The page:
As the dust settles on the shock sale of Charles Wells' Bedford brewery and brands to Marston's for £55 million, the key question hangs in the air: Is there a future for Britain's dwindling band of family brewers?

Wells, founded in 1876, has effectively "done a Thwaites".

In 2015, the Blackburn family-run company closed its brewery and sold its key brands to Marston's. Thwaites now has a micro plant producing small run beers for its 300 pubs and Wells plans to follow suit.

Chairman Paul Wells says a new plant producing around 30,000 barrels a year will be opened within the next two years to supply its 200 pubs.

But the main Wells' brands – Bombardier, Courage Best and Directors, McEwan's, Kirin, Estrella Dam, Erdinger, Founder's and Young's – will be owned and brewed by Marston's at the Eagle Brewery, built in Bedford in 1976.

 

 

Wells' chief executive Justin Phillimore says the £55 million from Marston's will be ploughed into its pub estate, which he plans to expand. This will include partnership deals with specialist small pub and catering groups such as those already in place with Tim Foster, Anthony Pender, Steve Wilkins and Chris Gerard.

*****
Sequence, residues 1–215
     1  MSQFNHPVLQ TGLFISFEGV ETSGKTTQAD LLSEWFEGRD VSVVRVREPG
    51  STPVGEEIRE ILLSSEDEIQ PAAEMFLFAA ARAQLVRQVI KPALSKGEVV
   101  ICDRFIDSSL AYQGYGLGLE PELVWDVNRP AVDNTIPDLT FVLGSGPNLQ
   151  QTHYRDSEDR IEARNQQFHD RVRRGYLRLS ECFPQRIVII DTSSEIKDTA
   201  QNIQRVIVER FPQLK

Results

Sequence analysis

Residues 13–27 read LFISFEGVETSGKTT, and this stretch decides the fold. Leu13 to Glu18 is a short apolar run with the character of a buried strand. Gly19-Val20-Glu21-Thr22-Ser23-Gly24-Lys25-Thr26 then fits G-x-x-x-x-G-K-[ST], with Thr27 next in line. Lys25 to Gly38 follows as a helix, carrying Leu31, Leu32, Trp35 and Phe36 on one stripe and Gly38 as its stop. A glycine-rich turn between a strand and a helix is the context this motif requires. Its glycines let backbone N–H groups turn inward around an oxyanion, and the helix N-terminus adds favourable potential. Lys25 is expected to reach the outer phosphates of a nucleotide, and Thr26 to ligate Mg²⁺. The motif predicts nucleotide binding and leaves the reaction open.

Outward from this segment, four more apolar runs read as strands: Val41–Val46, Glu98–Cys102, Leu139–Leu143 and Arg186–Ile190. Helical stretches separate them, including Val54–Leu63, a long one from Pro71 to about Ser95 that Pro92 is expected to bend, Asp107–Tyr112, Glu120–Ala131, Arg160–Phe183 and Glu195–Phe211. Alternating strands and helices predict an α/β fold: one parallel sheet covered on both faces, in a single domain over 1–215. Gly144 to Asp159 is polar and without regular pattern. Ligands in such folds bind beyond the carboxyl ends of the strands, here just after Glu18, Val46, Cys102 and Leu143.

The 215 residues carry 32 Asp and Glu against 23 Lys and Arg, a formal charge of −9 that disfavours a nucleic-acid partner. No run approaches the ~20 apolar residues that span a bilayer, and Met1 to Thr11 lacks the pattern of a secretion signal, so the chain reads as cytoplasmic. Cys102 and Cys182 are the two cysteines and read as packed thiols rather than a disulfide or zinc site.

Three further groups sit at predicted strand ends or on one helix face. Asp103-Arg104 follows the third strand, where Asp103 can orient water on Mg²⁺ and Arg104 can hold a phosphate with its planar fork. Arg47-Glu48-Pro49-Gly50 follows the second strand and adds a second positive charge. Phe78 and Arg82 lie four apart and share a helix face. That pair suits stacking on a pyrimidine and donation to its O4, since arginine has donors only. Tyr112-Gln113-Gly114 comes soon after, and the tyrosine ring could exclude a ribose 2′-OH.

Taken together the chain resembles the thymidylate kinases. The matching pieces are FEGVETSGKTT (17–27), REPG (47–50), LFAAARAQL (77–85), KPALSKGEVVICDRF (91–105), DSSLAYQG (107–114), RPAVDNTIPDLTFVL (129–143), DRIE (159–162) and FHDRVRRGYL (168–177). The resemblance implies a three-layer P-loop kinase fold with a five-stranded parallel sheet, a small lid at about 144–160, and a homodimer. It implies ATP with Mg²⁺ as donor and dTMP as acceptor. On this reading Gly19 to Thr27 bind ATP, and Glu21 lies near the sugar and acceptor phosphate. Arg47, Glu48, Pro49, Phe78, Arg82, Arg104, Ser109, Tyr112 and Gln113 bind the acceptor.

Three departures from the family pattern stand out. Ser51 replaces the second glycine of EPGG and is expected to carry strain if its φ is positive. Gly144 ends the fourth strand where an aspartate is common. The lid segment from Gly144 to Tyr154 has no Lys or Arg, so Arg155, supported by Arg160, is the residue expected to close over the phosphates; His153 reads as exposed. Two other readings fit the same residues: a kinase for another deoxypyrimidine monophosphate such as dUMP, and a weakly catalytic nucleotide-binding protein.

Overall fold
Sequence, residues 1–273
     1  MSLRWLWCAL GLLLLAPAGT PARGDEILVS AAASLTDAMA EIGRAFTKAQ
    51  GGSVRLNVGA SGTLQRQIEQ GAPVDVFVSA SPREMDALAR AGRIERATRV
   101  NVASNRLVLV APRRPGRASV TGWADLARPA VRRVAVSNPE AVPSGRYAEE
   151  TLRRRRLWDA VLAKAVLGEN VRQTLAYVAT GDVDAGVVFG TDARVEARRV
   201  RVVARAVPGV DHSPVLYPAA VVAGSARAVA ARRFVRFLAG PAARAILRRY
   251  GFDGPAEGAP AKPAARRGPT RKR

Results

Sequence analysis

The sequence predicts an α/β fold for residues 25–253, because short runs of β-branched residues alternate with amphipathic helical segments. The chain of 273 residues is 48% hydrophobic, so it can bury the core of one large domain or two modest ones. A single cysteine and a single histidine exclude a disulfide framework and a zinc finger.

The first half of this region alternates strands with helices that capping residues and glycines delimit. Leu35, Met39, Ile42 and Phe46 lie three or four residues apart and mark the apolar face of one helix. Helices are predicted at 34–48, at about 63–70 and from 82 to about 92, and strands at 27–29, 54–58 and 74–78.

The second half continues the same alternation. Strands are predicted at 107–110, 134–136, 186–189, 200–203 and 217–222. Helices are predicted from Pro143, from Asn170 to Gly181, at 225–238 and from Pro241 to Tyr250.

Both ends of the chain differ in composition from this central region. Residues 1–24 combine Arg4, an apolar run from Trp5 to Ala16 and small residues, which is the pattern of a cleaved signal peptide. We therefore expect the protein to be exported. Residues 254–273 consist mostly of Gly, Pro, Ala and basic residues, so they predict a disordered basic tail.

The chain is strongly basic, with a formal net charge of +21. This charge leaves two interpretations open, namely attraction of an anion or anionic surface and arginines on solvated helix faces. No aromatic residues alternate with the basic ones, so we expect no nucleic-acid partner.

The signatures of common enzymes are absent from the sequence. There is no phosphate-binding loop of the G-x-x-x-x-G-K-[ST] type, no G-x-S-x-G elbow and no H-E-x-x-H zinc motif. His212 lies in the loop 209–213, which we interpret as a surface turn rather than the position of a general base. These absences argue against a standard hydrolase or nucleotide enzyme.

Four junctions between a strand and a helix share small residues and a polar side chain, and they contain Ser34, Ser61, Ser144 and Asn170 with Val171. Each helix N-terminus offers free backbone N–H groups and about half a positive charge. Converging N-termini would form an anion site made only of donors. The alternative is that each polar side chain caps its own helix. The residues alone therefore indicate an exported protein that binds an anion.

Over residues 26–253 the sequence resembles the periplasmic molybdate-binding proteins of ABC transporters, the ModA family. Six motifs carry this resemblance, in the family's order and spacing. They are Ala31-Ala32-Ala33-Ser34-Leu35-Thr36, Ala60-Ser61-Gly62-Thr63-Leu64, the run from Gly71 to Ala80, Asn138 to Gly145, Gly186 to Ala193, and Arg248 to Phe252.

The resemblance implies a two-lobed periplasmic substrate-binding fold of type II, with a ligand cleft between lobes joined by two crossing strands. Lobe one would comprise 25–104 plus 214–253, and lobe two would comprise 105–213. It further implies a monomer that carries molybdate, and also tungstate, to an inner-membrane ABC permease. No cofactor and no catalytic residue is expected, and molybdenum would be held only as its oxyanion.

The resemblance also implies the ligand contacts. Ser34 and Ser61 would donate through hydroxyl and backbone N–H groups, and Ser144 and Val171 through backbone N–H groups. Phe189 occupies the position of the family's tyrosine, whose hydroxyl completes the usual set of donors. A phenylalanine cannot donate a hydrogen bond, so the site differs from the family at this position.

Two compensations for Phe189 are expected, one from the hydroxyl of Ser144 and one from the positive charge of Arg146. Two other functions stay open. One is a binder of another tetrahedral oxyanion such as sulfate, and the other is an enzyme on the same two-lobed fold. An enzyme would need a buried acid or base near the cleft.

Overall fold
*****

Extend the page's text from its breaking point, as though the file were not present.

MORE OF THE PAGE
There are now fewer than 30 family breweries left in Britain and some of them will be taking a long, hard look at the Thwaites' and Wells' deals and wondering if they should go down the same route.

It's no secret that several small family brewers, faced by increased competition from both bigger breweries and small craft producers, are wondering whether brewing is worth the candle and they should concentrate instead on running their pubs and allowing the likes of Marston's to make beer for them.

The problem with family brewers becoming pub companies is that it hands frightening power to a handful of giant brewers. Marston's now owns not only Charles Wells' brewery and brands but Banks's, Jennings, Mansfield, Ringwood and Thwaites. Greene King, no slouches in brewery takeovers, has Belhaven, Hardys & Hansons, Morland and Ruddles in its portfolio. Molson Coors has turned Sharp's into a national brand and these three companies now dominate, to a frightening degree, ale brewing in Britain.

Cynics say Marston's, in the long run, will close the Wells' Bedford brewery and transfer production to either Burton or Wolverhampton. I doubt it. Marston's has a good track record of keeping breweries it has acquired open.

But, inevitably, when ownership changes, recipes are tweaked and the flavours of much-loved beers become subtly – or not so subtly - different.

Britain's family brewers are under threat and so are their much-loved beers. As the man said, "You ain't seen nothing yet."